Let’s consider the illustration proposed by Senator Jones regarding a deeply offensive Satanic cake order. It’s true that businesses have the right to refuse service to customers for a number of reasons such as when a patron endangers the safety and well being of other patrons, is lacking adequate clothing or the business is at capacity. However, due to a little thing called the Civil Rights Movement and the resulting Federal Civil Rights Act, all people have the right to “full and equal enjoyment of the goods, services, facilities, privileges, advantages, and accommodations of any place of public accommodation, without discrimination or segregation on the ground of race, color, religion, or national origin,” which means denying service to the Satanist due to his religious themed cake would be a violation of the patron’s civil rights. But isn’t the bakeshop private property? Yes, however, because the shop’s primary purpose is to serve the general public, it is also considered a place of “public accommodation,” which requires susceptibility to equal protection laws. Therefore, private property does not excuse unjustified refusal of service. Further, according to the Supremacy Clause of the United States Constitution, the state RFRA law cannot trump the Federal Civil Rights Act. Does that mean that the Civil Rights Act will go unchallenged? Of course not. In fact many people have attempted to challenge the Civil Rights Act on the basis of one’s faith, including segregationists in the 1960’s who claimed that racial segregation was a “gift from God.”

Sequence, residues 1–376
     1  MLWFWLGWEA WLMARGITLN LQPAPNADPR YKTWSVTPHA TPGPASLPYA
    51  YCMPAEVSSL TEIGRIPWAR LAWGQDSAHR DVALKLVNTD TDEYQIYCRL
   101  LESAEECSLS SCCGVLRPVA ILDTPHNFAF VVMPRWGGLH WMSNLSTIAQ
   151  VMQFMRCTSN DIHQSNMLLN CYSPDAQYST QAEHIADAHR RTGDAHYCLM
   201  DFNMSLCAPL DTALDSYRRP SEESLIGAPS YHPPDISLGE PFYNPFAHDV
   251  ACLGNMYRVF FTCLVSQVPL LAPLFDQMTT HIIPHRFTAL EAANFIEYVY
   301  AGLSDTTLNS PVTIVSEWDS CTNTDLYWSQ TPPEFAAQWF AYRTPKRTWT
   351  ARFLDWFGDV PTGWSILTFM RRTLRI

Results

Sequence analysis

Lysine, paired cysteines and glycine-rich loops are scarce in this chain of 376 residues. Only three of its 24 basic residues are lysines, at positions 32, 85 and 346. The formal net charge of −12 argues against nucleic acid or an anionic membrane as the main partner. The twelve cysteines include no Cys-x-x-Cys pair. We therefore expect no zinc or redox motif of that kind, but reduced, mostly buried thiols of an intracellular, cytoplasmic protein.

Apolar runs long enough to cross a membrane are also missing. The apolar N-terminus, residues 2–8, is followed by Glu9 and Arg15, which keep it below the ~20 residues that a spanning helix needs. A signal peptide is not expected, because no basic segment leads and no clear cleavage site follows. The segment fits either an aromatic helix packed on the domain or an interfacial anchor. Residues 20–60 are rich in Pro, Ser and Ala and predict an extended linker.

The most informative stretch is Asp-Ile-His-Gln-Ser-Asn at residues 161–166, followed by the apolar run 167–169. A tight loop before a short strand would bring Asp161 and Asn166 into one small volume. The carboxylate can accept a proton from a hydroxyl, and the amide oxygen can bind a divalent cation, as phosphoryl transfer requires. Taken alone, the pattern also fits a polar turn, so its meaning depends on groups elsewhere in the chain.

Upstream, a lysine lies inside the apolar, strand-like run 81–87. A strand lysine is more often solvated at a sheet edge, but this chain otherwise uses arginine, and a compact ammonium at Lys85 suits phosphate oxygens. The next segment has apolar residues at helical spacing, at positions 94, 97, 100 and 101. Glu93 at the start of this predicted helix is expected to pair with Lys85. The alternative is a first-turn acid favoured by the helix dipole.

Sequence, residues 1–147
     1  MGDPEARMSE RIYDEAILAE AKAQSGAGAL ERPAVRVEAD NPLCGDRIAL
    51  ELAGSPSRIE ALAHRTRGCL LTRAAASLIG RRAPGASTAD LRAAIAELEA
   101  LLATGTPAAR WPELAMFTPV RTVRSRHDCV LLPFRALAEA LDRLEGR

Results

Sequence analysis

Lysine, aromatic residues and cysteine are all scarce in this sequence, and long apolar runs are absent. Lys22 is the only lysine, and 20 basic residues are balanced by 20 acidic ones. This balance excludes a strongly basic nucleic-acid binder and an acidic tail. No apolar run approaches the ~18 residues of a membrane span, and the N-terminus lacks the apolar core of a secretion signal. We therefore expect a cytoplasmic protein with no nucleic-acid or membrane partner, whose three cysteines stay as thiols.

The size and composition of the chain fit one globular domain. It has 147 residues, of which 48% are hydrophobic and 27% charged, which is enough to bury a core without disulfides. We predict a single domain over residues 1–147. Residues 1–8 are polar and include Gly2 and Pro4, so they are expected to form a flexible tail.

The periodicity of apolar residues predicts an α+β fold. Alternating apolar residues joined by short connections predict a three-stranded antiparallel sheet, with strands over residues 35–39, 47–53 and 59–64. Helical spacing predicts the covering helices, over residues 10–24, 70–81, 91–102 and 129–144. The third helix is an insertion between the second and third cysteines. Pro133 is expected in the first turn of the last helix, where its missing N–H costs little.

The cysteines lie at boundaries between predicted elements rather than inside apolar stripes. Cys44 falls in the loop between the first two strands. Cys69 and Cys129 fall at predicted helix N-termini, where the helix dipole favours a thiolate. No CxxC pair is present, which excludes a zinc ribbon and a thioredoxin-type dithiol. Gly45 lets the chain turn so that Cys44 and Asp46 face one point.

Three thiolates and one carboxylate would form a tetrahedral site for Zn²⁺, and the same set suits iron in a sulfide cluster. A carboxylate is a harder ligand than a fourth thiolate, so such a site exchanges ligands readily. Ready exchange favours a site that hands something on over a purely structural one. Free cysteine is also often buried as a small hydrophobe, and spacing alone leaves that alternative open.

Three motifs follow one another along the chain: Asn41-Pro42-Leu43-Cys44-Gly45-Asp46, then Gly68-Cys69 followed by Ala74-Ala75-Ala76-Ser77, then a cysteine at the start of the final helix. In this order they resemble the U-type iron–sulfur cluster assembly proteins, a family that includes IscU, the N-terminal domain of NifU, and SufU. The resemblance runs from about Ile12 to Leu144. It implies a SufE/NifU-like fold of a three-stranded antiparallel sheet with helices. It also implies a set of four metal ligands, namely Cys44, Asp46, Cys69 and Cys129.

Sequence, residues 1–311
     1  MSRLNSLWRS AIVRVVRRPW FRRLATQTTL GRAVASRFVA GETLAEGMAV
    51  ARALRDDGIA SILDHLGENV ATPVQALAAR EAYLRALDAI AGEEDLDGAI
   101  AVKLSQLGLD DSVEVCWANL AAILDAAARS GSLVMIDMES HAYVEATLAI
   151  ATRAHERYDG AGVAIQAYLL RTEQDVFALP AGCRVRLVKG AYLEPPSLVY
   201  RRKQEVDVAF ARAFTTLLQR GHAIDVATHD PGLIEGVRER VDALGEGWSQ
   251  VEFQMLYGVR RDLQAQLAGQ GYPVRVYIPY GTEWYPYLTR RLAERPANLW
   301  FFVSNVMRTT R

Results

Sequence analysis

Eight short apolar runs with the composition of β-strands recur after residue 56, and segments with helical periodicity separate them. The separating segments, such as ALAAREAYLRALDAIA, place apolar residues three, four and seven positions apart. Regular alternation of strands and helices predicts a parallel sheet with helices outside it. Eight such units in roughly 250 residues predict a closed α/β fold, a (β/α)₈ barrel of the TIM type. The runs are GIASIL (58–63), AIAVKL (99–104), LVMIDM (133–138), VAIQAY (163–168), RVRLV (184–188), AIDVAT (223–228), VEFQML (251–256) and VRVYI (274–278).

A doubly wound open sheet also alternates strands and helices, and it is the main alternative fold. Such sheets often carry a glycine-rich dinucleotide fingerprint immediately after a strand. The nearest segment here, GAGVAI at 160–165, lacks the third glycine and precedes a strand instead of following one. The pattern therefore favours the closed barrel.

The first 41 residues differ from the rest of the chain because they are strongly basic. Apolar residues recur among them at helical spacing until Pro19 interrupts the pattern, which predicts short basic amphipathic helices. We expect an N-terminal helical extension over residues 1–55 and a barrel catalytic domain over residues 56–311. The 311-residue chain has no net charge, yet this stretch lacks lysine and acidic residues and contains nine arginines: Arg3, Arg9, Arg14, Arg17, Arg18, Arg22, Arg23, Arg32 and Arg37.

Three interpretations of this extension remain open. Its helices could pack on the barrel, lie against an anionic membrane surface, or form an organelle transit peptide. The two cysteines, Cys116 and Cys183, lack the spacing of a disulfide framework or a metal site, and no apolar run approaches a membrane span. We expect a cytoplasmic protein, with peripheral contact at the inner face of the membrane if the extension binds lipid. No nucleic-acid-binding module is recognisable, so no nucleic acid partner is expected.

While the free exercise of religion is one of many civil rights, it may not necessarily trample on the rights of another. In a conflict, the courts take on the burden of valuing one civil right over another. In the case of a Christian pediatrician who refuses to care for the child of same-sex parents, the pediatrician would have to prove that providing services to the child severely violates a deeply held religious belief if taken to court. Now, in Michigan, same-sex couples are literally afforded no protections under the state’s civil rights act, but let’s just pretend our legislature has grown up at least as much as Utah circa March 2015. Unless the Bible has undergone a recent revision, there is no Christian teaching forbidding one from caring for individuals associated with practices that might be considered biblically reprehensible. If this rule were to be applied, would it be permissible to turn away the child of an unmarried mother? What about a Jewish family? Nobody is asking the pediatrician to approve of same-sex parenthood, nor to endorse homosexuality, so where do we draw the line? Is caring for patients as a career a religious act at all? The pediatrician is operating as a commercial agent, selling healthcare to paying patrons. Just like all commercial businesses open to the public, the establishment is subject to certain federal regulations, such as labor laws, environmental laws, tax regulations and non-discrimination laws, regardless of whether the doctor, or employer disagrees with them. If an individual finds that abiding by secular civic law is ethically problematic, perhaps that individual should choose a profession outside of public service. However, once you take on a position that serves the public, one may occasionally have to sacrifice engrained superstitions in order to accommodate the diverse community which welcomes your business, the legal protections provided to them, as well as mandated regulations that are intended to ensure that our communities function both safely and fairly.